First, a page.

2 Top Wealth Destructors of 2022: Will These TSX Stocks Change Course in 2023?

The year 2022 was indeed a challenging one for investors as stocks, cryptocurrencies, and even gold underperformed. And why not? The global economy suffered from a war in Europe early last year, which was followed by higher inflation amid higher oil prices. Then you know how the whole inflation and rate hike story unfolded last year.

But notably, all those things are still there in 2023. The Fed minutes show that the policy tightening is going to continue as inflation remains sticky. There seems to be no respite on the war front as well. Moreover, even if oil prices have eased a bit of late, they are not sufficiently low to bring inflation down.

So, the point I’m trying to make here is that it’s still a testing time for growth investors. Even though TSX tech stocks experienced massive drawdowns in 2022, they may not see a meaningful recovery soon.

Here is a quick look at last year’s big losers. Let’s also check if anyone of them still offers value.


Canadian cybersecurity stock BlackBerry (TSX:BB) lost 60% of its value last year. Investors should understand that it was not among those names that were down due to broad market pressures. Rather, it was a confluence of factors that brought BB stock down to its multi-year lows. And one major factor behind its fall was its consistently poor quarterly performance.

BlackBerry has seen declining revenue growth for the last several years. In 2020, its revenues were US$1.04 billion, which came down to US$690 million in the last 12 months. Its margins have also been waning fast, which could be concerning to investors.

Moreover, even if its IoT (Internet of Things) segment is seeing rapid growth, it still forms a smaller part of the company. Cybersecurity is BlackBerry’s mainstay that’s been losing value for the last few years. Higher competition has weighed on its margins and revenue growth in this vertical.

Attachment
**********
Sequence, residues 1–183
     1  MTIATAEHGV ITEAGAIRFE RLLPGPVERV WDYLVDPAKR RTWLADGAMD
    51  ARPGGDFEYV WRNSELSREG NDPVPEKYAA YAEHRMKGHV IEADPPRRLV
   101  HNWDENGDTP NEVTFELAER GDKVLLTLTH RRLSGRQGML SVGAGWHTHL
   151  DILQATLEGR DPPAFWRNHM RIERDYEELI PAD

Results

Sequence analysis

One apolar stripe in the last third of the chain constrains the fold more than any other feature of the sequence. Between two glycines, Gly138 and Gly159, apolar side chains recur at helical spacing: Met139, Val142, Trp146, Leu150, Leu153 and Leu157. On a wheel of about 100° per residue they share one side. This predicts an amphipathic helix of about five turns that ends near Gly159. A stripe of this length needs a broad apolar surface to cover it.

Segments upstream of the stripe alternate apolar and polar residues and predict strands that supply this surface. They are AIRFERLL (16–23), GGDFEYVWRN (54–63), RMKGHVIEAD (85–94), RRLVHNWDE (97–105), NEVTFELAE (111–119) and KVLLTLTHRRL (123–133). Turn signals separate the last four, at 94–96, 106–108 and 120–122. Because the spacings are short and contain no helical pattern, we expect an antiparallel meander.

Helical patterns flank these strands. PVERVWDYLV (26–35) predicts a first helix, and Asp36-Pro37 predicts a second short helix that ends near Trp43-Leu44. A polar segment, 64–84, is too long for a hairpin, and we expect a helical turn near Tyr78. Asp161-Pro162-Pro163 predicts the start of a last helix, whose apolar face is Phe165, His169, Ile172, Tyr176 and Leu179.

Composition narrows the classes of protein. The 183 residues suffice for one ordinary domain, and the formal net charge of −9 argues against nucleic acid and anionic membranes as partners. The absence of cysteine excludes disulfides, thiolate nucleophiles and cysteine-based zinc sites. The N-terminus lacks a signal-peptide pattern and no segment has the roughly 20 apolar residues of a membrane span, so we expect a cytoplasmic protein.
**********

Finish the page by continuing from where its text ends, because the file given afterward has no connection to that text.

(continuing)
So, even if the picture on the macro front improves in 2023, BB might see a subdued recovery due to its fundamental issues. A reversal in the rate hike stance might push the stock higher in the short term. However, the stock might not create significant shareholder wealth until it sees stable operational and financial growth.


Canadian payment processor stock Nuvei (TSX:NVEI) dug a deep hole in investors’ pockets last year. The stock came down from $93 in March 2022 to $32 at the end of the year. That’s a notable 65% value erosion.

However, Nuvei looks different after the correction. It has a fast-growing top line and a healthy margin profile. It derives revenues from cryptocurrency exchanges, e-commerce websites, and even regulated sports betting platforms. Nuvei’s diversified revenue base and scale bode well for its business growth.

The management has kept its long-term guidance intact amid the challenging macro scene. It expects to see over 30% revenue growth annually and adjusted EBITDA (earnings before interest, taxes, depreciation, and amortization) margins of over 50%. That’s a decent set of numbers for a tech company.

Notably, Nuvei stock continues to look expensive even after a steep correction. However, it could bottom out around the $32-$35 levels, as we have seen in the past. If the rate hike and inflation scenario ease this year, Nuvei will likely see a decent recovery and handsome shareholder value.

Article Tags:
Article Categories: